• Gregg Allman, a survivor of tragedy, knew the blues musically and in a painfully personal way. Raised by a single mother after his father was shot to death, he idolized his guitar-slinging older brother Duane and became his musical partner. They formed the nucleus of The Allman Brothers Band, which helped define the Southern rock sound of the 1970s. Their songs such as 'Whipping Post,' ''Ramblin' Man' and 'Midnight Rider' laid the foundation for the genre and opened the doors for groups like Lynyrd Skynyrd and the Marshall Tucker Band. Gregg Allman, whose bluesy vocals and soulful touch on the Hammond B-3 organ helped propel the Allman Brothers Band to superstardom, died Saturday. He was 69. Allman died peacefully and surrounded by loved ones at his home near Savannah, Georgia, his manager, Michael Lehman, told The Associated Press. He blamed cancer for Allman's death. 'It's a result of his reoccurrence of liver cancer that had come back five years ago,' Lehman said in an interview. 'He kept it very private because he wanted to continue to play music until he couldn't.' Allman played his last concert in October as health problems forced him to cancel other 2016 shows. He announced Aug. 5 that he was 'under his doctor's care at the Mayo Clinic' due to 'serious health issues.' Later that year, he canceled more dates, citing a throat injury. In March, he canceled performances for the rest of 2017. Born in Nashville, Tennessee, the rock star known for his long blond hair was raised in Florida. In his 2012 memoir, 'My Cross to Bear,' Allman described how his older brother was a central figure in his life in the years after their father was murdered by a man he met in a bar. The two boys endured a spell in a military school before being swept up in rock music in their teens. Although Gregg was the first to pick up a guitar, it was Duane who excelled at it. So Gregg later switched to the organ. They spent years in bands together, but failed to crack success until they formed The Allman Brothers Band in 1969. It featured extended jams, tight guitar harmonies by Duane Allman and Dickey Betts, rhythms from a pair of drummers and the smoky blues inflected voice of Gregg Allman. Based in Macon, Georgia, the group also had drummers Jai Johanny 'Jaimoe' Johanson and Butch Trucks and bassist Berry Oakley. They reached the pinnacle of the burgeoning music scene, partying to excess while defining a sound that still excites millions. Their self-titled debut album came out in 1969, but it was their seminal live album 'At Fillmore East' in 1971 that catapulted the band to stardom. Considered one of the greatest live albums ever made, the two LP record opened with their version of Blind Willie McTell's 'Statesboro Blues,' with Duane Allman on slide guitar. The album introduced fans to their fusion of blues, rock and jazz. Duane Allman had quickly ascended to the pantheon of guitar heroes, not just from his contributions to the Allman band, but from his session work with Aretha Franklin, Wilson Pickett and with Eric Clapton on the classic 'Layla and Other Assorted Love Songs' album. But he was killed in a motorcycle accident in October 1971, just months after recording the Fillmore shows. Another motorcycle accident the following year claimed Oakley's life. Keyboard player Chuck Leavell joined the band following Duane Allman's death and the band continued to soar. Their follow-up to the Fillmore album, 'Eat a Peach,' became their first top 10 album and featured some of their most popular recordings, including 'Melissa' and 'Blue Sky.' Gregg Allman said in a 1998 interview with The Associated Press that he and Betts mourned his brother's death in music. 'We used to write songs in a graveyard in Macon,' Allman said. 'One thing everybody thought was Duane would come back to haunt us if we did not keep going. He had the most passion for music of any man I've ever seen.' In a 2012 interview with The Associated Press, he said Duane remained on his mind every day. Once in a while, he could even feel his presence. 'I can tell when he's there, man,' Allman said. 'I'm not going to get all cosmic on you. But listen, he's there.' The 1970s brought more highly publicized turmoil: Allman was compelled to testify in a drug case against a former road manager for the band and his marriage to the actress and singer Cher was short-lived even by show business standards. In 1975, Cher and Allman married three days after she divorced her husband and singing partner, Sonny Bono. Their marriage was tumultuous from the start; Cher requested a divorce just nine days after their Las Vegas wedding, although she dismissed the suit a month later. Together they released a widely panned duets album under the name 'Allman and Woman.' They had one child together, Elijah Blue, and Cher filed for legal separation in 1977. Allman said in an interview with Viva magazine in 1977 that he regretted marrying Cher and said that they probably could have fallen in love if it hadn't been for his drug abuse. The Allman Brothers Band likewise split up in the 1980s and then re-formed several times over the years. A changing cast of players has included Derek Trucks, nephew of original drummer Butch Trucks, as well as guitarist Warren Haynes. Starting in 1990, more than 20 years after its founding, the reunited band began releasing new music and found a new audience. In 1995 the band was inducted into the Rock and Roll Hall of Fame and they won a Grammy Award for best rock instrumental performance for 'Jessica' the following year. In 2000, Betts was ousted from the band via fax for alleged substance abuse and poor performance and he hasn't played with the band since. Butch Trucks died in January 2017. Authorities said he shot himself in front of his wife at their Florida home. In his memoir, Allman said he spent years overindulging in women, drugs and alcohol before getting sober in the mid-1990s. He said that after getting sober, he felt 'brand new' at the age of 50. 'I never believed in God until this,' he said in an interview with The Associated Press in 1998. 'I asked him to bring me out of this or let me die before all the innings have been played. Now I have started taking on some spiritualism.' However, after all the years of unhealthy living he ended up with hepatitis C which severely damaged his liver. He underwent a liver transplant in 2010. After the surgery, he turned music to help him recover and released his first solo album in 14 years 'Low Country Blues' in 2011. 'I think it's because you're doing something you love,' Allman said in a 2011 interview with The Associated Press. 'I think it just creates a diversion from the pain itself. You've been swallowed up by something you love, you know, and you're just totally engulfed.' The band was honored with a lifetime achievement Grammy in 2012. ____ Hall reported from Nashville, Tennessee. Associated Press Writer Hillel Italie in New York City contributed to this story.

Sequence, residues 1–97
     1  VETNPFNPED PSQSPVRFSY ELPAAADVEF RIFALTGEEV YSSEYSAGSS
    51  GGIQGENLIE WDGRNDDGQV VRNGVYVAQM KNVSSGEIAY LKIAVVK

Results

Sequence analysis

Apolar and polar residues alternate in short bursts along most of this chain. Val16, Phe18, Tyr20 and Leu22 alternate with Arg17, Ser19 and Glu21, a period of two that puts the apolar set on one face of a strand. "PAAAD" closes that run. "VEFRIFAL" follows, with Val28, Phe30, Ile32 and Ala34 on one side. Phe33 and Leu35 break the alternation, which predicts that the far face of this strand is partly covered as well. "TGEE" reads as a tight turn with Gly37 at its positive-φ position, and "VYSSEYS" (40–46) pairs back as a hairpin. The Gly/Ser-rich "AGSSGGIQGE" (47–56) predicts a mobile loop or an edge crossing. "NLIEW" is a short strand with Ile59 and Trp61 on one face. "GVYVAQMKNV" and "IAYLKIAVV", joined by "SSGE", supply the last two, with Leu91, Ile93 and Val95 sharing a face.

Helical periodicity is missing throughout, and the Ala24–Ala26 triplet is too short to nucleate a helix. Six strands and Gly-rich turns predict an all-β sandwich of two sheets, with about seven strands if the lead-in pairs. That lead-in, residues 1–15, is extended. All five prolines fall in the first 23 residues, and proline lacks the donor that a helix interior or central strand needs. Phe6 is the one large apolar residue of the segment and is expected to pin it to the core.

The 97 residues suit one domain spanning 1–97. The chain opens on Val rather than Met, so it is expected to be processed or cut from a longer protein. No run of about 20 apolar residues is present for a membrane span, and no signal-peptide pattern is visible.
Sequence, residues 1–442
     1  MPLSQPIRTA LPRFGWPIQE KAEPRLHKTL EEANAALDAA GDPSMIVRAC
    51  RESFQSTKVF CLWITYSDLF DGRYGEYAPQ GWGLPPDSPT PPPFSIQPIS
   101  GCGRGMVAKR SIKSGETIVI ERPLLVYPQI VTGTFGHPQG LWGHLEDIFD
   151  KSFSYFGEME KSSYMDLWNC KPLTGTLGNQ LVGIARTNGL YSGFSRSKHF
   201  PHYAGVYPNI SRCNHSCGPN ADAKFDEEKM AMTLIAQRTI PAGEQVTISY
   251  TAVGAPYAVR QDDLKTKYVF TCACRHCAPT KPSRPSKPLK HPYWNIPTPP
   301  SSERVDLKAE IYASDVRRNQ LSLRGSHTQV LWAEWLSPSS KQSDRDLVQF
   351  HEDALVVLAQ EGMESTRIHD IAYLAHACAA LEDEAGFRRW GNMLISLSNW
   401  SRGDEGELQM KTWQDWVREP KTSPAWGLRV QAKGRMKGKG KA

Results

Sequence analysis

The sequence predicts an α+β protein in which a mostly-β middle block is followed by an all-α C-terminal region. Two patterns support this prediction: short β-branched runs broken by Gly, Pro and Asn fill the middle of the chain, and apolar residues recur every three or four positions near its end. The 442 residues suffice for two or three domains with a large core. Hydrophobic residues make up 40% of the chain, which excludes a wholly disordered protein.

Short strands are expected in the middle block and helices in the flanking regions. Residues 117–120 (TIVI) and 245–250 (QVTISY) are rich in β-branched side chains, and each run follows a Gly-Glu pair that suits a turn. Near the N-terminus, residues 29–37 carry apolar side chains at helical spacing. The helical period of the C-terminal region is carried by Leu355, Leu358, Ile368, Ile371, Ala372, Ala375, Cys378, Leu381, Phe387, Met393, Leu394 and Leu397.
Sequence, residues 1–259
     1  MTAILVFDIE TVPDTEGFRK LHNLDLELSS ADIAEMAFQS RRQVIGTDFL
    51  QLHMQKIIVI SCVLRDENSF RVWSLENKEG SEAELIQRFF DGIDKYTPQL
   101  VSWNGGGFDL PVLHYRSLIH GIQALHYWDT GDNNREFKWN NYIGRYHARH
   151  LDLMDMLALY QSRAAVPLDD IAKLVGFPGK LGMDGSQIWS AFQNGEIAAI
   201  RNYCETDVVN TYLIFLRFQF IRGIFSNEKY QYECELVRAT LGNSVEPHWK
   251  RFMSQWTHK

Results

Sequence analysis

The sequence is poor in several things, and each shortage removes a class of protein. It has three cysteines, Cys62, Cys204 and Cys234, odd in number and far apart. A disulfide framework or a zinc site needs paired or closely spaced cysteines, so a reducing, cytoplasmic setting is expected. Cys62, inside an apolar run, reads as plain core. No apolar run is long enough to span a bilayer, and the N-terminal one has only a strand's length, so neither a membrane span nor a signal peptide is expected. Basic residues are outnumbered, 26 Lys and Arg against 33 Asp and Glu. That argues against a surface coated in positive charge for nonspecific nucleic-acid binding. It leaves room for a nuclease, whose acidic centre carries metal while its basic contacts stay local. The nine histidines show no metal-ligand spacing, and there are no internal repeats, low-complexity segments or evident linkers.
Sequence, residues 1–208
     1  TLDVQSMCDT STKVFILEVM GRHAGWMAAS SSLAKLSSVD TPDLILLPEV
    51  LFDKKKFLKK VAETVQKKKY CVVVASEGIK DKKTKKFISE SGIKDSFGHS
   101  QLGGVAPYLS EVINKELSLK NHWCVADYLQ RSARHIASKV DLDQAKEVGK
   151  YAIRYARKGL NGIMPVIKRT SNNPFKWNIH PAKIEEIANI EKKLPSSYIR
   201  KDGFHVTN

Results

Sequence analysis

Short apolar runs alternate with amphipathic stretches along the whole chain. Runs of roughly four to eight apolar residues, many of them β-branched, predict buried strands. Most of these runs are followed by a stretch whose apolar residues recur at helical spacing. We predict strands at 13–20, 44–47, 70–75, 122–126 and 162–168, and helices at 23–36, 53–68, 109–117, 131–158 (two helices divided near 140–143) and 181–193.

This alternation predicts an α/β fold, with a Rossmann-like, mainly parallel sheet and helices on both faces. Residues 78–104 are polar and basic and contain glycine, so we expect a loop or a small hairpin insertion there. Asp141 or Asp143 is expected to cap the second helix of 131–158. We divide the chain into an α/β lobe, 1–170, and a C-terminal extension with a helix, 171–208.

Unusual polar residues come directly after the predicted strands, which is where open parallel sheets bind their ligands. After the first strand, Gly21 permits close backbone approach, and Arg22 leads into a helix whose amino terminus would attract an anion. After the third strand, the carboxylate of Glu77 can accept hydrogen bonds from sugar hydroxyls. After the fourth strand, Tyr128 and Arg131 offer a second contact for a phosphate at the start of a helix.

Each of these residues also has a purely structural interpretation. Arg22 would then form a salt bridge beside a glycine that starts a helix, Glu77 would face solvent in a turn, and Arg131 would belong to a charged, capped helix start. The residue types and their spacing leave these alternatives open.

• The Latest on the death of the mother of the CEO of ride-hailing company Uber (all times local): 2:30 p.m. Authorities say that the parents of ride-hailing company Uber's CEO were riding a boat on Pine Flat Lake when it hit a rock and sank. The Fresno County Sheriff's office says in a statement that about 5 p.m. Friday, officers were called to the scene of the accident and found a man and woman on a shore of the lake. The sheriff's office says the woman died at the scene, and the man suffered moderate injuries. He told officers the boat had sunk. The sheriff's office says an autopsy of the woman is planned. Uber identified the couple as Bonnie and Donald Kalanick, the parents of Uber CEO Travis Kalanick. Bonnie Kalanick was 71. The sheriff's office says crews will try to remove the boat from the lake Saturday. ___ 2:05 p.m. Bonnie Kalanick, the mother of Uber CEO Travis Kalanick, has died in a boating accident. Kalanick's father, Donald, was injured and is in serious condition. The ride-hailing company says Saturday that the accident took place Friday night in Fresno, California. The couple, in their early 70s, have been longtime boaters. In a memo to Uber staff, Liane Hornsey, the chief human resources officer, called the incident an 'unthinkable tragedy.' She wrote that 'everyone in the Uber family knows how incredibly close Travis is to his parents.' Travis Kalanick, 40, founded Uber in 2009.